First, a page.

Chieftain Press

The Flu Season

Source%3A+media.defense.gov%2F2015%2FOct%2F28%2F2001495264%2F670%2F394%2F0%2F151014-F-WV722-010.jpg
Source: media.defense.gov/2015/Oct/28/2001495264/670/394/0/151014-F-WV722-010.jpg

Source: media.defense.gov/2015/Oct/28/2001495264/670/394/0/151014-F-WV722-010.jpg

Source: media.defense.gov/2015/Oct/28/2001495264/670/394/0/151014-F-WV722-010.jpg

Eva Ricci, Chief Editor

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The flu season is here and is hitting the United States hard. Reported to be one of the worst recent seasons on record, the flu seems to be affecting almost everyone. Patients are flooding hospitals and doctor’s offices, causing a surge in vaccine requests. But this year’s flu vaccine doesn’t seem to be working to prevent this unusually strong strain of the flu, known as H3N2.

We are currently approaching peak flu season, as February is the most common month for people to contract the illness. Unlike past years, the CDC reports that the entire United States is experiencing widespread flu activity as of mid-January.

The number of flu-related deaths has been astronomically high for this season and is causing panic among various communities. Schools across the country have closed due to worry over a growing number of student and staff absences each day.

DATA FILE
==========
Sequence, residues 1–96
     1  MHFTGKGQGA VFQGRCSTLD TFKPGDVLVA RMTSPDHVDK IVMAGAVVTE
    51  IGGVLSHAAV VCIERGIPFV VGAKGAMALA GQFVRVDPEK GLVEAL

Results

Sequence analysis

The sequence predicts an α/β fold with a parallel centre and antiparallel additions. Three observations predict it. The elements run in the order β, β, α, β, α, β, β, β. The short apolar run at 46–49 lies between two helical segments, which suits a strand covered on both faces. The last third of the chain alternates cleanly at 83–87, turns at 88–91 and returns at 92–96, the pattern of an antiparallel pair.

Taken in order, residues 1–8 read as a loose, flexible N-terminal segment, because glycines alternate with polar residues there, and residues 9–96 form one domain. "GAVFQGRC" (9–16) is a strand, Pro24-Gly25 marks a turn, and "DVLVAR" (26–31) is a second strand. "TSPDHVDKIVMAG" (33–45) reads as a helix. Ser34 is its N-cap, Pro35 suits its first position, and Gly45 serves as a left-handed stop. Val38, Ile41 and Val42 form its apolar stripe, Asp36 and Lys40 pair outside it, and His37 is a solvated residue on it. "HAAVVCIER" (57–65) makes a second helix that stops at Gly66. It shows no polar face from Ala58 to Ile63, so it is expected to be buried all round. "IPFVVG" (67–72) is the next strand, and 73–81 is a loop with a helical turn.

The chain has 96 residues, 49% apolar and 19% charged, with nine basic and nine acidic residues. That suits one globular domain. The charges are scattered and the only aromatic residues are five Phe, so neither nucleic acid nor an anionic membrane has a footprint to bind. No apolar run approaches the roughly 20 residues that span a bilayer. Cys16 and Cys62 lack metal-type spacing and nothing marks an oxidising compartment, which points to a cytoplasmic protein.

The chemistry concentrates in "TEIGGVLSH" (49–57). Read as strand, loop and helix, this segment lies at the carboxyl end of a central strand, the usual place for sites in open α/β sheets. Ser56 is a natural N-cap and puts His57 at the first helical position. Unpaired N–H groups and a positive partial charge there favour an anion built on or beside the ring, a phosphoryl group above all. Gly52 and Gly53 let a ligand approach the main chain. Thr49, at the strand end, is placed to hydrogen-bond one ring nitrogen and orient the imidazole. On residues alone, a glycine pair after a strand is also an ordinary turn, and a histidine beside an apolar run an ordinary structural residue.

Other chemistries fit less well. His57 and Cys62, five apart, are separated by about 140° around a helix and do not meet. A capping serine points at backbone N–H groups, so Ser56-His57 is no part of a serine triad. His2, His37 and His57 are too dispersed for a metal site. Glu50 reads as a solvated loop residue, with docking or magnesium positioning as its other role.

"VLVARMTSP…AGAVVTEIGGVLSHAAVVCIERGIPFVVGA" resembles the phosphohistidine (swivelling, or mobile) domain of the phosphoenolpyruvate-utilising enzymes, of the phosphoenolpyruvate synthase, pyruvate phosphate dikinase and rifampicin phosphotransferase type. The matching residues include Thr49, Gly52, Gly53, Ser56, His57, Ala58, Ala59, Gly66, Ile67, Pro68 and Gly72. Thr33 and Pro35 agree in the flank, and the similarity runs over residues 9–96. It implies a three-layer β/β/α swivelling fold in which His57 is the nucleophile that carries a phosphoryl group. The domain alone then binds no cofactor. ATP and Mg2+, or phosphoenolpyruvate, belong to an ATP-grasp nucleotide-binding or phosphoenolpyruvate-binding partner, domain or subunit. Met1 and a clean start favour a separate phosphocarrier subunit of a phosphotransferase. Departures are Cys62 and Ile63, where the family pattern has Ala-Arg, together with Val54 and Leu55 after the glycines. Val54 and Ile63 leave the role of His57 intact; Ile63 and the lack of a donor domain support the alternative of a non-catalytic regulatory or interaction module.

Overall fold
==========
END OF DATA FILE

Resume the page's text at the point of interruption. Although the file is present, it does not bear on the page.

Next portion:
But why is this flu season so much worse than past years? The flu is commonly produced by the Influenza A or B species. Within these species are various strains; some worse than others. This year, the H3N2 virus is a much more difficult flu strain to prevent and vaccinate against. It targets more susceptible populations such as children and the elderly.

Doctors are encouraging those who haven’t yet the received the flu vaccine to do so. But even with the vaccine, many are still susceptible to contracting the flu due to the imperfection of the vaccine. Even so, it is reported that those with the vaccine will have less of a chance of hospitalization and death than those without.

As the flu season is in full swing, it is important to keep your hands clean. Touching commonly used surfaces/objects is a common method of transmission. If you or someone else around you is sick, encourage yourself or them to cover their mouth while they cough or sneeze to prevent further contamination.

This flu season has been one of the worst on recent record and taking preventative measures is important to keep yourself and others around you healthy.

 

Image Source:

www.media.defense.gov/2015/Oct/28/2001495264/670/394/0/151014-F-WV722-010.jpg

 

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The Flu Season